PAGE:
Friday, November 6, 2009

Thursday, November 5, 2009

Luang Phabang, Laos- July 2001

I first visited Laos in 2001. I had very little knowledge about the country aside from their recent history, but it sounded like the perfect antidote to a year and half of manic teaching to pay of my student loans. Luang Phabang with its heritage temples sounded particularly appealing. We headed there from the town of Vang Vieng on a nightmarish bus ride that lasted forever, and was made worse by the fact that I had to sit on the engine in front of the bus as it was packed. If it was not for the incredible scenery I don't think I would have made it.

I fell in love with Luang Phabang and wished we could have stayed longer. Such a beautiful and very laid back town. I enjoyed strolling around and trying out my new camera (forget the particulars) I got just before the trip.

I don't know if you can really see it, but the man in the picture above was smiling broadly, as if he had just realized how silly he looked with the wife holding the umbrella over him. This was taken near the old market.

The novice monks were getting there heads shaved ahead of the full moon festival. The kid with the red T-shirt in the background made this picture for me.

We were at Kuang Si waterfalls and these kids were acting out some games for a filming crew. I think it may have been for local television. The traditional clothes were all part of the show. I had to crop out a lot of empty space in this picture, I had (and possibly still don't have) no technique back then, but I liked the expressions I captured here.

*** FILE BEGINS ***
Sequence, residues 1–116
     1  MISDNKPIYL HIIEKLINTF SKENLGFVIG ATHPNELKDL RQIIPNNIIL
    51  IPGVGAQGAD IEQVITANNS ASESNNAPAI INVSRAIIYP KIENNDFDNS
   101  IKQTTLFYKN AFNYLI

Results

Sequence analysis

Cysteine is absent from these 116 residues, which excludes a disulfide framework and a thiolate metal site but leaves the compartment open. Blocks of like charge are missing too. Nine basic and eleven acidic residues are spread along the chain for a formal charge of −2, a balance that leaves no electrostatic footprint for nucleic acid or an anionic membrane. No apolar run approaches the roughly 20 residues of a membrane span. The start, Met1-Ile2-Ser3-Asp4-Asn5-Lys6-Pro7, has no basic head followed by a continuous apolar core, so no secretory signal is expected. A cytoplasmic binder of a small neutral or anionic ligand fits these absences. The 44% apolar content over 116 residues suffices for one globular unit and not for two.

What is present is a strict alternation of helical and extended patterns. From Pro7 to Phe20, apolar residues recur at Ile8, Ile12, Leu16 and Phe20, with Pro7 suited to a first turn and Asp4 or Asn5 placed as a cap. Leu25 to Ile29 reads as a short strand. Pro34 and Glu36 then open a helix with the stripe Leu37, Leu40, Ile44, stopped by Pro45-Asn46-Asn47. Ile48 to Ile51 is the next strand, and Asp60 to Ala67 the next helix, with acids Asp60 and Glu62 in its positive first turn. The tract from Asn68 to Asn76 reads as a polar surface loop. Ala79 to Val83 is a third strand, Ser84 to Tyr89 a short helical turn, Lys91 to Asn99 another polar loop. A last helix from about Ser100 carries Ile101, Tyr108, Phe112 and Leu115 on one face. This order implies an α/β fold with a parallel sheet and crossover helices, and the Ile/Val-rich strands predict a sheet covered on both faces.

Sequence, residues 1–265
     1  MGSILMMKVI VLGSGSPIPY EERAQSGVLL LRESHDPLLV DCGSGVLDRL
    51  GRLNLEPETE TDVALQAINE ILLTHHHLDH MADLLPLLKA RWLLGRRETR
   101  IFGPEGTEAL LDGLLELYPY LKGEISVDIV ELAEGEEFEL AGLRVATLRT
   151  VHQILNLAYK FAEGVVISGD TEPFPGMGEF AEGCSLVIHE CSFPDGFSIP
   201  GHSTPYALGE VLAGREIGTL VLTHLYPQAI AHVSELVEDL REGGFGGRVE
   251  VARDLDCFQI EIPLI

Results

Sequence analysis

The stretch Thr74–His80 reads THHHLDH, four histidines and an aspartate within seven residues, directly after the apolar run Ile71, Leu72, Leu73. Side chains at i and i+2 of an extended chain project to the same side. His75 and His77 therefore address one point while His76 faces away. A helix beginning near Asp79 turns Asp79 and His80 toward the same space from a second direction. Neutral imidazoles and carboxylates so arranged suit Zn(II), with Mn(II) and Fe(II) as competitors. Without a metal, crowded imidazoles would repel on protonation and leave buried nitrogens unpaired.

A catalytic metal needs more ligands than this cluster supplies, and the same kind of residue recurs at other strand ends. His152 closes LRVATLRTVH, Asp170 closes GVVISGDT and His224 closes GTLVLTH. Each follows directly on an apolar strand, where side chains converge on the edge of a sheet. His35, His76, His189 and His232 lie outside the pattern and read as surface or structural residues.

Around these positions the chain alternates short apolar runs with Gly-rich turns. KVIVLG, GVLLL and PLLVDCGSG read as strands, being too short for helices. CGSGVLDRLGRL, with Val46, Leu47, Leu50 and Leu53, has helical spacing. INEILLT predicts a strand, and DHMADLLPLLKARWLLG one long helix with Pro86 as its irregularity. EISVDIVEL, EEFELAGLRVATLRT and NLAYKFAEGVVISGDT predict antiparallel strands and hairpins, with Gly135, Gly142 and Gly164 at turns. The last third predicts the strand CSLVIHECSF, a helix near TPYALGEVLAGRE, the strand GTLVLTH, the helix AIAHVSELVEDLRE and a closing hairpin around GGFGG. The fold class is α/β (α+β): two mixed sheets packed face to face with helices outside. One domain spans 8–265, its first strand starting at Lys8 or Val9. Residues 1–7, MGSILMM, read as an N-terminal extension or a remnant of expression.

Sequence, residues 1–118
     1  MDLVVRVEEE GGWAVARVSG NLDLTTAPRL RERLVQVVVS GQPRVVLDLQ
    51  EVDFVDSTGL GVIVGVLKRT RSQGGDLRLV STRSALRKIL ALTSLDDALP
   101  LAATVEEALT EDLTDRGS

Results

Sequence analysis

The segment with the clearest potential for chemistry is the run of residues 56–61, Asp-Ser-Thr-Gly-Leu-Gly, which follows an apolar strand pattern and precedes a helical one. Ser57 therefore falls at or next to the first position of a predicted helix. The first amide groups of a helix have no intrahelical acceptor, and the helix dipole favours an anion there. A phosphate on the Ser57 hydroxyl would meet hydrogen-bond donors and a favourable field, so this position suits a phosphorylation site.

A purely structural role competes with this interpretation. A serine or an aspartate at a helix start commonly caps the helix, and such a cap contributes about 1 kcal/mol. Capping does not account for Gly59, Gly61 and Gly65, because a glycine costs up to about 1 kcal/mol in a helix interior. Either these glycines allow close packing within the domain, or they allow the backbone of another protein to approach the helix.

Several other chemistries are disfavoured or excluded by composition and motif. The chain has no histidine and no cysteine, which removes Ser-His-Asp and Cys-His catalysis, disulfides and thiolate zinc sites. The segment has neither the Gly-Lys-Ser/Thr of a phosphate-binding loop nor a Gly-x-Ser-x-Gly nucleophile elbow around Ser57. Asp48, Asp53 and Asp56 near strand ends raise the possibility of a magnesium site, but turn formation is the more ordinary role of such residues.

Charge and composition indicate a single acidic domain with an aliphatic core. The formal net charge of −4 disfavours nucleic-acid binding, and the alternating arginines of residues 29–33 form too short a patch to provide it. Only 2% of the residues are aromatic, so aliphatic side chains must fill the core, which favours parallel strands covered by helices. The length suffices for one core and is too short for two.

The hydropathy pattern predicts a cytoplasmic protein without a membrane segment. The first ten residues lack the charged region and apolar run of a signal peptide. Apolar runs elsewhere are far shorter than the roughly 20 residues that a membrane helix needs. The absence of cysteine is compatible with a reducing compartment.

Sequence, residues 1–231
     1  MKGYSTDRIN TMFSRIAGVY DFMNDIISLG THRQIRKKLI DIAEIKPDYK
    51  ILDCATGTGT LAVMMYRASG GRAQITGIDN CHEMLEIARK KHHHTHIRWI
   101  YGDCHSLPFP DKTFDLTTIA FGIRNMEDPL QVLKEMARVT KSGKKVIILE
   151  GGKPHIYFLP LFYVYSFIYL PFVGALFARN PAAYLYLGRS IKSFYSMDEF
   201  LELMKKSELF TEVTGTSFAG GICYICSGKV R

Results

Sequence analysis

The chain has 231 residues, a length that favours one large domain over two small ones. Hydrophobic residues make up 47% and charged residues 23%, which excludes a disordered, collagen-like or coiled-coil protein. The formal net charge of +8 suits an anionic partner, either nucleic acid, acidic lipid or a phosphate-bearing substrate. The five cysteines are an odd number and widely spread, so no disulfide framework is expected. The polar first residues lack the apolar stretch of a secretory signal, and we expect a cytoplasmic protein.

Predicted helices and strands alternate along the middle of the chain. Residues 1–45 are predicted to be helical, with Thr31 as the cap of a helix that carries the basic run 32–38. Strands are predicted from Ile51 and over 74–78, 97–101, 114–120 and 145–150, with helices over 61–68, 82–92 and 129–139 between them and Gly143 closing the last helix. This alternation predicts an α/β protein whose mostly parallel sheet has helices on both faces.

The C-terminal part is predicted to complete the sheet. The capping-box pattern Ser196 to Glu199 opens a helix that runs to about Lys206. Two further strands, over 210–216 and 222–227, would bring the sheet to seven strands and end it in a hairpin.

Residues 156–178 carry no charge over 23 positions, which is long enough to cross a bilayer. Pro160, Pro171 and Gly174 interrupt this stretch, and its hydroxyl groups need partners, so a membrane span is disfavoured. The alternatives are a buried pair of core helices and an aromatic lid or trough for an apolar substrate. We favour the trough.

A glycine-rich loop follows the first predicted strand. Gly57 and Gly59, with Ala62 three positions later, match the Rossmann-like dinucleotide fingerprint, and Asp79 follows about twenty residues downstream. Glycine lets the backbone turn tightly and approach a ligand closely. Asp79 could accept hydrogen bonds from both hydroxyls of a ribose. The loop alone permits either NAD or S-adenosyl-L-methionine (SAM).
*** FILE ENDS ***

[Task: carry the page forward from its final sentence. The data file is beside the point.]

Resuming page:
Wednesday, November 4, 2009


A couple of weeks ago I decided to bake bread. Not banana bread, but a proper bread that can be enjoyed for breakfast or lunch. I wanted to make something that can be enjoyed with preserves or scrambled eggs, something simple yet satisfying. I leafed through my Martha Stewart’s Baking Handbook and decided on the Pullman bread. It’s your standard loaf of bread that most of us (I think) grew up with and the perfect all-rounder. Nothing too exciting, but it was what I craved.

I get nervous whenever I have to bake with yeast because there is always the risk that the rising might not happen, which is exactly what happened with my first attempt. The result was a solid, dense loaf that really did not make me too happy. My second try was a much bigger success and we enjoyed the fruit of my efforts throughout the following week.